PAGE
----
And here I thought elitism was generally marked by those who want their interests to be more "gated off" AWAY from the mainstream and the masses, to be known and appreciated only by the "privileged and enlightened" few?
Understand something: I don't talk shit about Toonami (and the ridiculous hyper-clinginess of its fanbase) because I think myself "superior" to it/them (which is what elitism actually is). Trust me on at least this much: I don't think of myself, nor do I even want to think myself, as superior to ANYONE or anything. Ever.
I simply find it SUPER frustrating - like, to maddening degrees - because I KNOW FOR A FACT that this is a community/fanbase that is potentially capable of SO MUCH infinitely better discourse, self-reflection, analysis, and insight than its demonstrated throughout the years, and that a large part of what's holding so much of it back from evolving like a fucking albatross has been this seemingly pathological refusal/inability for so many people within it to psychologically move themselves past and let go of this ridiculously over-idealized image of what media and their perceptions of it (amongst a SLEW of other more important things in a great many cases, but that's neither here nor there) was like to them during their grade school years.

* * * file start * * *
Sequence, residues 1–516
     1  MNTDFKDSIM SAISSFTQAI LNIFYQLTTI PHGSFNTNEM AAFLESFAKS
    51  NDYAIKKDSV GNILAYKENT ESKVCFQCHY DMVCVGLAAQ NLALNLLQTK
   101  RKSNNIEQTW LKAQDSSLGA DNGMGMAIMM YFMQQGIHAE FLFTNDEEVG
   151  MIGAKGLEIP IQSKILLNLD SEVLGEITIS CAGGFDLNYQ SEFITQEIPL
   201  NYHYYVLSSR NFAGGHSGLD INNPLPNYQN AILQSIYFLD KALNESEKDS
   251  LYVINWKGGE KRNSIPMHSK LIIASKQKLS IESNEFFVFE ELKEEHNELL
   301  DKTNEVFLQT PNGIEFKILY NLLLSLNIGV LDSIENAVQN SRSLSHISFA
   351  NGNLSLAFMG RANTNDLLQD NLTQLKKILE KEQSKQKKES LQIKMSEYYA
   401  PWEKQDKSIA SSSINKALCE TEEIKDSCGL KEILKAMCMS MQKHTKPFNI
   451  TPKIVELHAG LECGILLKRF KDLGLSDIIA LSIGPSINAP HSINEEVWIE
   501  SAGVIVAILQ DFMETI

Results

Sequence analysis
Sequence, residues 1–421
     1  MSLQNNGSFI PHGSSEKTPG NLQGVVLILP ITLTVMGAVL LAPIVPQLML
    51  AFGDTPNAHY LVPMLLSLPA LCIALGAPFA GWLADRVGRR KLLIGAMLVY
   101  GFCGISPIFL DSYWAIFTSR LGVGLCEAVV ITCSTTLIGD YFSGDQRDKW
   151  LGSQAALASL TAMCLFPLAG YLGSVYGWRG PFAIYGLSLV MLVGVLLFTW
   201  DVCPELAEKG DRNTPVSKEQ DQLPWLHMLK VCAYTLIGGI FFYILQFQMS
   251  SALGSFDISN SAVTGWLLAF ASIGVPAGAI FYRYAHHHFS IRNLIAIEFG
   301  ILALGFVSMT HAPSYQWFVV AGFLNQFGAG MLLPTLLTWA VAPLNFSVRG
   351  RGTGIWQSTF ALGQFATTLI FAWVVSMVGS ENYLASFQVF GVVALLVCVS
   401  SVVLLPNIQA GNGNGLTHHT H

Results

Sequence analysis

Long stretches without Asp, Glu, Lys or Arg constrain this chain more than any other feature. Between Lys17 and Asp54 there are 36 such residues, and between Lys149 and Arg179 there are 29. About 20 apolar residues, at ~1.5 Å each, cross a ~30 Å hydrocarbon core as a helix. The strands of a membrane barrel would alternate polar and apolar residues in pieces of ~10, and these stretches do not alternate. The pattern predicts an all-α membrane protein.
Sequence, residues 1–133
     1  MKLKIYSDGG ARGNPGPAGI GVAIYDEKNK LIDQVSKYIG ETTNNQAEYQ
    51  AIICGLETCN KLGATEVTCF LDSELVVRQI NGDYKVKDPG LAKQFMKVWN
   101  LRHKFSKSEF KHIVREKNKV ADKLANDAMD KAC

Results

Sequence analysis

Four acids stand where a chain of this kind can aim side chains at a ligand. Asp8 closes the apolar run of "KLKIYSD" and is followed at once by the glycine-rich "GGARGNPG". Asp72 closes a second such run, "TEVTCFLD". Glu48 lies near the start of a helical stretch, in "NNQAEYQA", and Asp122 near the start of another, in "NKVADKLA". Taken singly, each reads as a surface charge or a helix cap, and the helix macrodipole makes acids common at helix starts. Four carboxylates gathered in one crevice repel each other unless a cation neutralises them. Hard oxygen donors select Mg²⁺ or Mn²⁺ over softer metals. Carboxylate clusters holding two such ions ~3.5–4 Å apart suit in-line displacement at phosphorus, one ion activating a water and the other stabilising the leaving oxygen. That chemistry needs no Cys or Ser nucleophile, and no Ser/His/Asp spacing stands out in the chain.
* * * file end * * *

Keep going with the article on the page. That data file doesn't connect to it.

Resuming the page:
Dragon Ball has "more meat on its bones" because its an actual fucking narrative with characters, arcs, themes, etc. A fairly simple one for kids, but nonetheless an actual cohesive narrative that, if in no small part due to its sheer size and scope, invites a fairly good deal of exploration and analysis.gokaiblue wrote: ↑Tue Oct 01, 2019 7:12 pmI could go on and on about the merits of Toonami and the community it brings just as all of us could go on and on about Dragon Ball. Sure, the latter has more meat on its bones and thus more to discuss, but that doesn't make it any more or less of a fandom than Toonami.
Toonami meanwhile, is nothing more than an advertising brand. That it has a "storyline" across its ads is little more than a shallow gimmick, like the "storylines" on the back of a toyline's packaging. Thus, I'm not even going to VAGUELY pretend to entertain the idea that there's anything even the slightest bit of worthwhile merit contained therein that's worth acknowledging or discussing.
Moreover, Toonami is an advertising brand that I would argue (and have argued, and will continue to argue) has done a LOT more in the way of longterm damage to the creative credibility of anime in the Western mainstream that vastly outweighs the "exposure" it has also given it.